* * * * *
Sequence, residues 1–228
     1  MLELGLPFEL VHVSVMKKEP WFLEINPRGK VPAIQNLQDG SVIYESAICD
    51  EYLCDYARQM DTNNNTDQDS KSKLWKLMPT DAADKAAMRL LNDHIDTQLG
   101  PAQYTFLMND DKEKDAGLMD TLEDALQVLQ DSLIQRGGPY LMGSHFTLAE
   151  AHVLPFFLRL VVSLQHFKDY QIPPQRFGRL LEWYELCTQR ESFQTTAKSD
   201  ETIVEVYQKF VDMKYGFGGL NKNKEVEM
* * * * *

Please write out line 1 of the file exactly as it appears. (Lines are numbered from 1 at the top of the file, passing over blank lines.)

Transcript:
Sequence, residues 1–228